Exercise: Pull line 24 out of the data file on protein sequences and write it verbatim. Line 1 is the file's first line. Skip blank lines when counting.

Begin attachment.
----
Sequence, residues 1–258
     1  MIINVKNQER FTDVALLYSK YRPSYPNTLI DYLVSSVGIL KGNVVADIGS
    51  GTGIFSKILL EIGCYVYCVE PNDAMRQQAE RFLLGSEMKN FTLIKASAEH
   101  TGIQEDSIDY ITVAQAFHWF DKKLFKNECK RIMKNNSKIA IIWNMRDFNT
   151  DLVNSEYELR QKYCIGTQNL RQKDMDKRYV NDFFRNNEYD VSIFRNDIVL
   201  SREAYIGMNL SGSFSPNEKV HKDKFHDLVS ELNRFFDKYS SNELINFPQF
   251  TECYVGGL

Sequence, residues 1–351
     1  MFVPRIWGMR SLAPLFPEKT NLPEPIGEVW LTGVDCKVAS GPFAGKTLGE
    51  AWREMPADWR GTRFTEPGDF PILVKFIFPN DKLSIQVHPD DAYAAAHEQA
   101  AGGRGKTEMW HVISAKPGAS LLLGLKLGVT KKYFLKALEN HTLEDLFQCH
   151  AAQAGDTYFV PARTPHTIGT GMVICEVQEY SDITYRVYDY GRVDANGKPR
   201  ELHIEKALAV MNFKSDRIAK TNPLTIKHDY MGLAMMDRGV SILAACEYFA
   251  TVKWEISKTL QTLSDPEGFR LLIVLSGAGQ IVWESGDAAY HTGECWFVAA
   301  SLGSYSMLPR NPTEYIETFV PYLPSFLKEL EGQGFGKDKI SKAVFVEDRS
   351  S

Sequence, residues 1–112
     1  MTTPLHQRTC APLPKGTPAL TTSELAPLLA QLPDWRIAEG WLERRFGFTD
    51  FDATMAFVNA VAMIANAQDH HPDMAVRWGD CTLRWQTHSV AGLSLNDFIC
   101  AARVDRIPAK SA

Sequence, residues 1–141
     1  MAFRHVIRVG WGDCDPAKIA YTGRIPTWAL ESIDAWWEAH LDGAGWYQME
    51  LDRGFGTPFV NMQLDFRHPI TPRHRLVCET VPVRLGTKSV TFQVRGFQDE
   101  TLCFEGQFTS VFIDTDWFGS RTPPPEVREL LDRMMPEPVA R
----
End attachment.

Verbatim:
   101  TLCFEGQFTS VFIDTDWFGS RTPPPEVREL LDRMMPEPVA R